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October 1, 2003
Vol. 1, No. 122




Pat Morrison An ordinary life sparks an unlikely revolution

Pat Morrison, NCR managing editor

Exactly 106 years ago today, a few white-veiled lay sisters in a cloistered convent in France bundled up a straw mattress and its bed linens, dragged them from the infirmary out to the garbage dump behind the monastery and burned them. Inside, the community's sacristan and another nun were getting out the funeral bier, the artificial flowers to decorate it and the good gold-plated candlesticks. Efficiently, as only nuns can be efficient, they were preparing for a wake and funeral.

And in yet another corner of the monastery, the nun charged with writing the dead woman's obituary circular was trying to think of something to say about the 24-year-old member of her community who had died just the night before after a long and painful case of tuberculosis.

Sister Therese of the Child Jesus and the Holy Face had been a lovely person, a good Holy Rule-observing Discalced Carmelite nun. But she was, well, unremarkable. The two dozen women who lived with her -- with the possible exception of her three blood sisters and the novices she directed -- considered her pious enough, but extremely ordinary.

Yesterday (Saints (and lesser lights) come marching in, Sept. 30) I mentioned the Catholic fascination with saints. I openly admit to a definite Carmelite bias: In the constellation of beloved holy people, Teresa of Avila and Therese of Lisieux are my favorite women saints. Today is Therese's feast day. Pius XI, who canonized her in 1925, called her "the greatest saint of modern times." But like anyone to whom the appellation "the greatest" is attached, she has both ardent fans and people who really dislike what they think she stands for.

Without a careful reading and some background, Therese of Lisieux appears to embody all that's the worst in the Catholic tradition: a Jansenistic approach to life, morbid fascination with suffering, patriarchy, a pietistic spirituality with no grounding in real life.

Growing up in a religiously obsessed hyper-Catholic environment, the youngest of nine children (five surviving daughters), Marie Francois Therese Martin never quite got beyond the issues of abandonment she felt at the death of her mother when she was 5 and the loss of her favorite sister (and mother-figure) to the cloister. Critics say she entered the cloistered convent in her hometown -- where three of her sisters and a cousin would all become nuns in her lifetime -- in an effort to recreate her fractured family life. Her relationship to God and images of God, say some, are just projections of her father, who babied and pampered her. Therese has been called neurotic, self-absorbed and just plain unhealthy.

But for those who have the determination to cut through the kudzu vine of 19th-century French literary style that can strangle her written thought for contemporary people, Therese is a delightful discovery.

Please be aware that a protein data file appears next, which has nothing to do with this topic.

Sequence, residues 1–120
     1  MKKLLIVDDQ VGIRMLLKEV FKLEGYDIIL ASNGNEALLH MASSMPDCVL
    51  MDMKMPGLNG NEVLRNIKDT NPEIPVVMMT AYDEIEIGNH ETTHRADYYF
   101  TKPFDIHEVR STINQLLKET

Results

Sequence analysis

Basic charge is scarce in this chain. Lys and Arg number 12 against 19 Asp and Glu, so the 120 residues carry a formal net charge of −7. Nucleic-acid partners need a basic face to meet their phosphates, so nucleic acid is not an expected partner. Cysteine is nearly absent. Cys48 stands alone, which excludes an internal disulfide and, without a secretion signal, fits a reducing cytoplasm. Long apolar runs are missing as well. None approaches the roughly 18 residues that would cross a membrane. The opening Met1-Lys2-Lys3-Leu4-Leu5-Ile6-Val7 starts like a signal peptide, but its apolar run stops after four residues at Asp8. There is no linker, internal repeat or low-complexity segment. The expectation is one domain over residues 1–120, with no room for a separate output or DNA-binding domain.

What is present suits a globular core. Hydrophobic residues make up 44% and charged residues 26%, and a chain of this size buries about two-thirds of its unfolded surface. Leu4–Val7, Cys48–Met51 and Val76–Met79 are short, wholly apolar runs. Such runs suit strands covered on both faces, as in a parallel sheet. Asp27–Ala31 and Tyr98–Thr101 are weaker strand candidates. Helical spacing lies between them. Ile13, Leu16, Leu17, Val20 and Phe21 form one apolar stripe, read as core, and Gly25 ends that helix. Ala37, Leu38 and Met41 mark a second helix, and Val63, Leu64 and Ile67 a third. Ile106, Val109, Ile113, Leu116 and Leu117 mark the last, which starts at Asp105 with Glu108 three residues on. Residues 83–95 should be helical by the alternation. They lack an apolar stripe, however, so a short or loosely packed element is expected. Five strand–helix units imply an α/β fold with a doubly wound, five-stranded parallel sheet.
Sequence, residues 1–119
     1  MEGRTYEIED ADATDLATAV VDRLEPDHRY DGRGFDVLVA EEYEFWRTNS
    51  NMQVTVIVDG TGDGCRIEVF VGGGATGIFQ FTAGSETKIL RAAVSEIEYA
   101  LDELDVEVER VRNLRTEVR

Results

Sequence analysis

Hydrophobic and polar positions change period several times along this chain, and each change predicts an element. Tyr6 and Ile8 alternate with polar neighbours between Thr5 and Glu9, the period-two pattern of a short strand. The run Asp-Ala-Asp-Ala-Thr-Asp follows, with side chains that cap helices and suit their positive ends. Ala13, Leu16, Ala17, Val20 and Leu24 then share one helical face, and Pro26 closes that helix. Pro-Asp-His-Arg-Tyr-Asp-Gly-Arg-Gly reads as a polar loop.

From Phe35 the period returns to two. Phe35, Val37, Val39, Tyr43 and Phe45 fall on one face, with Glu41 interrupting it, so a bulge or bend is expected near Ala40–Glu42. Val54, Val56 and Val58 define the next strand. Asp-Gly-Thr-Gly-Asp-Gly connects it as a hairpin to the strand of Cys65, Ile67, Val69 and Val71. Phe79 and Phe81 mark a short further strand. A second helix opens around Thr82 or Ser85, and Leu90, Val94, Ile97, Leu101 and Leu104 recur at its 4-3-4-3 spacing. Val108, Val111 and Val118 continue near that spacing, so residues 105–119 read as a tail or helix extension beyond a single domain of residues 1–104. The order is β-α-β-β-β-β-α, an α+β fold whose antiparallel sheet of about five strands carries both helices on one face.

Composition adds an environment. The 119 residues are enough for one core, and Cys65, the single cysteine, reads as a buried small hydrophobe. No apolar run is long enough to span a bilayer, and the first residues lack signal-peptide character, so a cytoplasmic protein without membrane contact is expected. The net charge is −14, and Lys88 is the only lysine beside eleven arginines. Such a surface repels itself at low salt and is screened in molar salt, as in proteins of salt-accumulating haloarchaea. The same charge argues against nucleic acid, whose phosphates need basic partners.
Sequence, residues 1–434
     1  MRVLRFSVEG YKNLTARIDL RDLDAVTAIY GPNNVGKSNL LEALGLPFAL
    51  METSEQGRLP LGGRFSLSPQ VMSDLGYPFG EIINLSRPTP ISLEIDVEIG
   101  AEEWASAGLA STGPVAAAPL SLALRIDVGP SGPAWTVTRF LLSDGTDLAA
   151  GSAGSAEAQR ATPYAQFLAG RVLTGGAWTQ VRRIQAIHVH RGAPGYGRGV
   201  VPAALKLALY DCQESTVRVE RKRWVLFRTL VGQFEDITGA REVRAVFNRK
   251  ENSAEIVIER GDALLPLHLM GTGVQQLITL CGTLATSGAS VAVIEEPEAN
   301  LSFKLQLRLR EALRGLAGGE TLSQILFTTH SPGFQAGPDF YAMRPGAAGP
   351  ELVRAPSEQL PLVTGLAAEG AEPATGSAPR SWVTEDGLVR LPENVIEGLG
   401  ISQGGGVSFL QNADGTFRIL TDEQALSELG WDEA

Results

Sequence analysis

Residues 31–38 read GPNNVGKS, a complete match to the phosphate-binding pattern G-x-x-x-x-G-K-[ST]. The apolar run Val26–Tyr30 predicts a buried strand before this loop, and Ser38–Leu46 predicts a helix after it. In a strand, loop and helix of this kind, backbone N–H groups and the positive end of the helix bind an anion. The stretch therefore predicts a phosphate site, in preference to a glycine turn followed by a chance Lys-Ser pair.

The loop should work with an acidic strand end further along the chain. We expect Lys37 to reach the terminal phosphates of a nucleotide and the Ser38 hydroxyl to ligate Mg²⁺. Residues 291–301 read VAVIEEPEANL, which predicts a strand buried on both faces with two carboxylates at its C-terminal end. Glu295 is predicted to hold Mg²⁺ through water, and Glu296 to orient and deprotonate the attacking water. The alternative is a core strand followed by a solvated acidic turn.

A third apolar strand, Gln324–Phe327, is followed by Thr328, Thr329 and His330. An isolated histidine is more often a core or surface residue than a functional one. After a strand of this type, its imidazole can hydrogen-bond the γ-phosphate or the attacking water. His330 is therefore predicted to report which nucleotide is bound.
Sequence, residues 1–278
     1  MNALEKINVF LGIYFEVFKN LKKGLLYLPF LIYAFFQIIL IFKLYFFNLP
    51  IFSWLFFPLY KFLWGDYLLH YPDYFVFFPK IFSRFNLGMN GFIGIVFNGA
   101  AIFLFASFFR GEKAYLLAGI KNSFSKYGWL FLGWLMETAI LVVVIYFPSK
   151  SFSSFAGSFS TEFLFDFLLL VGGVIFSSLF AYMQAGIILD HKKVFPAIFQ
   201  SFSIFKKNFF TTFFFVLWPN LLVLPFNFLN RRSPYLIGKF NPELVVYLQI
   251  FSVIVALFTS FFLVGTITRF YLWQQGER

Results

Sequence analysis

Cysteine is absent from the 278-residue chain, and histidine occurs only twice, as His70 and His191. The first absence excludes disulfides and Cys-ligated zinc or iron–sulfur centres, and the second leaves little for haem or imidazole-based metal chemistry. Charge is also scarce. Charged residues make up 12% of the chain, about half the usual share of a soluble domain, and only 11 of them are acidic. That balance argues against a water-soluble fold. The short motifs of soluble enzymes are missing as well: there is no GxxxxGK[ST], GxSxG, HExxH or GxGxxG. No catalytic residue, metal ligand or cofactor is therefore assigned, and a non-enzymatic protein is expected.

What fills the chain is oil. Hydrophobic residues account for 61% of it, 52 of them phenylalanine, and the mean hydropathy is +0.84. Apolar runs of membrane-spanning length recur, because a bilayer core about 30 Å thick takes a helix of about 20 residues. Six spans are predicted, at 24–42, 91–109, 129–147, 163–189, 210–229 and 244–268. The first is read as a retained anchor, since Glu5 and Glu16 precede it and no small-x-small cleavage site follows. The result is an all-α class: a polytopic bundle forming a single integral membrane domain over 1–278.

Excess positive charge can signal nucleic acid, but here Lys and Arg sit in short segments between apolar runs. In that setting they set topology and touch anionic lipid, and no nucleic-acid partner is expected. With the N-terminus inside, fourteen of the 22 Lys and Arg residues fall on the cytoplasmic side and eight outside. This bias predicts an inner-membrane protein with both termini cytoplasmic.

She emerges as a confident, self-possessed young woman, wise beyond her years, funny, creative, warm. Therese also knows incredible pain, both physical and spiritual. In her last months she experienced absolute inner darkness, and admitted she finally understood atheists. As a particularly ravaging strain of TB destroyed her body, she warned those who cared for her never to leave medicine around a seriously ill patient; she knew how tempting suicide can be. And the woman for whom thoughts of God and heaven had been her delight found herself obsessed with thoughts of annihilation: "Give your life, for what? There's nothing, nothing after death," the voices hissed.

She wrote down her memoirs not for publication, but on her superior's orders. Published posthumously as The Story of a Soul, her autobiography has captivated and inspired millions. In the century since Therese's death it has never been out of print and has been translated into hundreds of languages, from Arabic to Swahili.

What Therese records is precisely what her sisters fretted about the day after she died: her utter ordinariness. No visions. No miracles. Just love. Her path to God was a simple one: Run with absolute confidence and trust into the arms of the God who always loves you. Do the most ordinary things with extraordinary love. It became known as "the little way."

When they learned about it, average Catholics thought, "I can do that!" Sanctity was no longer restricted to the religious elite in rectories or cloisters. Holiness was now breaking out into the everyday world, among truck drivers and secretaries, soldiers and homemakers. A 24-year-old "totally ordinary" young woman had started a revolutionary approach to holiness in the Catholic church.

Pat Morrison is NCR managing editor. Her e-mail address is

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